- The Forgotten Government-Funded Kids’ Books of the Great Depression
- The Highbrow Struggles of Translating Modern Children’s Books Into Latin
- The History of Movable Paper in One Massive, 9,000-Book Collection
- The Grimm Brothers’ Other Great Project Was Writing a Giant German Dictionary
- These Maps Reveal the Hidden Structures of ‘Choose Your Own Adventure’ Books
- The Artful Propaganda of Soviet Children’s Literature
- We Asked, You Answered: The Kids’ Books You Wish More People Remembered
There are actually a lot more, but I’ve only so much time. The kicker is that all these posts are remarkably good. And that last one even managed to get Stephanie Whelan’s beloved Blast Off on there, which is fantastic since it’s probably the only book by an African-American author/illustrator and about a black kid on the list.
Speaking of obscure but beloved children’s books, I’m happy to report that my beloved obscure Newbery Honor winning title The Winged Girl of Knossos (finally reprinted after all these years) just got a Wall Street Journal write-up. A worthier book you could not hope to bestow such an honor upon.
I don’t know if you’re familiar with the site A Book and a Hug but it’s one of those rare places where you can find new books by filling out a variety of different screens that narrow down the title you seek by type. Plus it’s adding new books to the equation every day. The site isn’t new but its update is.
This is for the New Yorkers out there – Books of Wonder to Open Upper West Side Location. Because apparently having just one children’s bookstore on the Upper West Side isn’t enough. We must put the only two in town as close to one another as humanly possible. Seriously, this I do not get. I understand that Manhattan real estate is expensive no matter where you go, but specifically the Upper West Side? I suppose it’s too much to hope for the Bronx (currently a borough without a single bookstore) but Harlem could have been nice. Or Hell’s Kitchen for that matter.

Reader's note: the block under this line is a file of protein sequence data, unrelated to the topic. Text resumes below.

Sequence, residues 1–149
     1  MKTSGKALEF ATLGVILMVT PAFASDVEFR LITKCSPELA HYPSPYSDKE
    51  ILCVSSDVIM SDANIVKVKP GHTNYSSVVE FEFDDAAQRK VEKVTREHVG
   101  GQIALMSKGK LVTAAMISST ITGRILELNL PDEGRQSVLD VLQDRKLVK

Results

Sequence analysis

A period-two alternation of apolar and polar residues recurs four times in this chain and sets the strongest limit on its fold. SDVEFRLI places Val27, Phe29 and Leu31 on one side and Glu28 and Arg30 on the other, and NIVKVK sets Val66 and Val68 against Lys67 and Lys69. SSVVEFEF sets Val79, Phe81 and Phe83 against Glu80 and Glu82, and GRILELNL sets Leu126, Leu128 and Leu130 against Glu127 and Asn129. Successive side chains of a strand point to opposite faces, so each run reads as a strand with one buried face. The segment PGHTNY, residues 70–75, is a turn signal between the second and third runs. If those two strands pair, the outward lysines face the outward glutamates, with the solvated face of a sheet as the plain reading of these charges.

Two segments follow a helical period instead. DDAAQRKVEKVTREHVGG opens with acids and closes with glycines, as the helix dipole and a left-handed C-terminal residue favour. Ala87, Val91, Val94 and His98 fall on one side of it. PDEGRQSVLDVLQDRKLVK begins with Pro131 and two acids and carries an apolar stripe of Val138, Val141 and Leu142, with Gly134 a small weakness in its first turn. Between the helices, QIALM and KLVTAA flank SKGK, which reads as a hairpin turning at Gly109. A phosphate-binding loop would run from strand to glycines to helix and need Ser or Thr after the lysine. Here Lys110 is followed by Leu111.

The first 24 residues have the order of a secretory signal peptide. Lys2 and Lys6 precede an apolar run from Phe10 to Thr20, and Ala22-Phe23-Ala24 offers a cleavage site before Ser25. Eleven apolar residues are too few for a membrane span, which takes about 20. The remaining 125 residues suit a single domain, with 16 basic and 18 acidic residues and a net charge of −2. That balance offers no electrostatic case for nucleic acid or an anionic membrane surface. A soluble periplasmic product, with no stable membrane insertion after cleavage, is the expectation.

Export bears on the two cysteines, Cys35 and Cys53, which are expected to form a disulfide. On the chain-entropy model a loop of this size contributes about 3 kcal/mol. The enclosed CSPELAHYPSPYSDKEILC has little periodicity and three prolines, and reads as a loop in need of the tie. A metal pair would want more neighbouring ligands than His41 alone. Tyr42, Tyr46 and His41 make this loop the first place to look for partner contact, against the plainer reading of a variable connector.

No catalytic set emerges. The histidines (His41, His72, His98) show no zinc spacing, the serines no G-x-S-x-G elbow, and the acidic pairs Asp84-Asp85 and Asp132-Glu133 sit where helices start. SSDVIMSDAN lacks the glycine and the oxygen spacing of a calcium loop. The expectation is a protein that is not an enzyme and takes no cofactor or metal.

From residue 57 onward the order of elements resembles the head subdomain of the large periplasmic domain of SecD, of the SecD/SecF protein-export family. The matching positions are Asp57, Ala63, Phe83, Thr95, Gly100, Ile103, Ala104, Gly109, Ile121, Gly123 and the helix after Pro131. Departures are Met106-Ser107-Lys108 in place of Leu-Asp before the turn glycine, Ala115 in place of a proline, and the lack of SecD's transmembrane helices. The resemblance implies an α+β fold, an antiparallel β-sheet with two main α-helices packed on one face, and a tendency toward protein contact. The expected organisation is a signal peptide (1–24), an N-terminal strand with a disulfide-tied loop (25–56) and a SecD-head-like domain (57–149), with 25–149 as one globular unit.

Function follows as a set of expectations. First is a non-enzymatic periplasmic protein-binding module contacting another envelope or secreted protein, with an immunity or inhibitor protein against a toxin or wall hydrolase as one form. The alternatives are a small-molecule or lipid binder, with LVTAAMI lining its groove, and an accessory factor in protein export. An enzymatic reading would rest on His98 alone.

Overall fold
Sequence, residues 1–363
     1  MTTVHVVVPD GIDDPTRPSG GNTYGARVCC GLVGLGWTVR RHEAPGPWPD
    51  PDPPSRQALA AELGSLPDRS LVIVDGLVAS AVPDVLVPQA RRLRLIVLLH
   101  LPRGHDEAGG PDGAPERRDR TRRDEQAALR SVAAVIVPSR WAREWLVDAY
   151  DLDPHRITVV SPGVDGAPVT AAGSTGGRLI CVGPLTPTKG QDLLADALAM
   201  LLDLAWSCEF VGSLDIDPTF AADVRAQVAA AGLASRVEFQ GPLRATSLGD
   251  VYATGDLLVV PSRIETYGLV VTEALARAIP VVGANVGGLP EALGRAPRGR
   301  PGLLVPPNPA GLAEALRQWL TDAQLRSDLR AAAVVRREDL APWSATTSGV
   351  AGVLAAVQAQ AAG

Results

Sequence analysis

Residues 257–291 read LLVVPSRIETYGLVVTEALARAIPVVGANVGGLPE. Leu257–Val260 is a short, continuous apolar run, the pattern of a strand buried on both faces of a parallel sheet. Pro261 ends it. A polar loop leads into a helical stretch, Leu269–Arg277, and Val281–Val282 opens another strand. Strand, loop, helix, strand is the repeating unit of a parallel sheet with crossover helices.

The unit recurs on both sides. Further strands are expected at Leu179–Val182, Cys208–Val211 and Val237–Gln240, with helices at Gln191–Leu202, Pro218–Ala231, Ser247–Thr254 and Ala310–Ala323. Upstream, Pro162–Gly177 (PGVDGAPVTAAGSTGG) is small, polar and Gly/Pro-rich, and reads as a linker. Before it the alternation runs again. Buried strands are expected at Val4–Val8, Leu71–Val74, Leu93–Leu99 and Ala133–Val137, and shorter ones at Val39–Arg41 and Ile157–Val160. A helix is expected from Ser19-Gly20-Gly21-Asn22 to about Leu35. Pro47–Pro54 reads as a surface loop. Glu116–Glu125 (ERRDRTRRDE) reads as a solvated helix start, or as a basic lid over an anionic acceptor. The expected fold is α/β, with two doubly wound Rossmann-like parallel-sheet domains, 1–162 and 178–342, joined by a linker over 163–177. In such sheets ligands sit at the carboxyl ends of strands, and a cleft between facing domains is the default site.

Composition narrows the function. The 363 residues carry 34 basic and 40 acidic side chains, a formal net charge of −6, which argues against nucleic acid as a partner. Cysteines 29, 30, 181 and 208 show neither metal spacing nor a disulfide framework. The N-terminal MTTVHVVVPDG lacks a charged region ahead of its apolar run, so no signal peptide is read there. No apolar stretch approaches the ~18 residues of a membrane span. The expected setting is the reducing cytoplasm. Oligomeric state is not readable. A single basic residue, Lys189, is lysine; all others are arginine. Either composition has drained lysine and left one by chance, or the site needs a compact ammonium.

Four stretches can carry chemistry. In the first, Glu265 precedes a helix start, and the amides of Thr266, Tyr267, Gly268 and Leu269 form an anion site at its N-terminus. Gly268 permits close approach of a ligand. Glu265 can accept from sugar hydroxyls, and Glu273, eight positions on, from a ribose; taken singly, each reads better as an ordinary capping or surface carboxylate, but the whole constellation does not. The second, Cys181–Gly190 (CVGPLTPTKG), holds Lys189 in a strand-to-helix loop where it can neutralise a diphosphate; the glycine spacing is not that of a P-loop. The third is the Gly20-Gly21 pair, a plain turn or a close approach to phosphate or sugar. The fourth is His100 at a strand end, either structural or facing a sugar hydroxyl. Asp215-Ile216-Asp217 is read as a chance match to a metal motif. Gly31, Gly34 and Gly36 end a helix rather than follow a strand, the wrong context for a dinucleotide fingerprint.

NCTE has released its Reading List for Summer in Participatory Citizenship. Whaddaya waiting for? Go! Find! Distribute to the masses!
Meanwhile over at 100 Scope Notes, Travis Jonker says what we’ve all been thinking but haven’t had the guts to say. Does anyone else remember the time he turned a snow covered hillside into WWIII? And now I’m supposed to be learning fiscal responsibility from him? Puh-leeze.
Big time Steven Universe fan over here, that’s me. And why not? It’s a cartoon with catchy songs, great voicework, and killer writing. Plus the creator’s name is “Rebecca Sugar” which, as a Betsy Bird, I appreciate on a different level entirely. Now Rolling Stone has interviewed Ms. Sugar about the show and it’s glory. As well they should, my friend. As well they should.
On the one hand, there’s a very large part of me that can’t believe that this is real . . .
On the other hand, there’s an even larger part of me that is desperate to believe that it IS!
Filed under: Fusenews
About Betsy Bird
Betsy Bird is currently the Collection Development Manager of the Evanston Public Library system and a former Materials Specialist for New York Public Library. She has served on Newbery, written for Horn Book, and has done other lovely little things that she'd love to tell you about but that she's sure you'd find more interesting to hear of in person. Her opinions are her own and do not reflect those of EPL, SLJ, or any of the other acronyms you might be able to name. Follow her on Twitter: @fuseeight.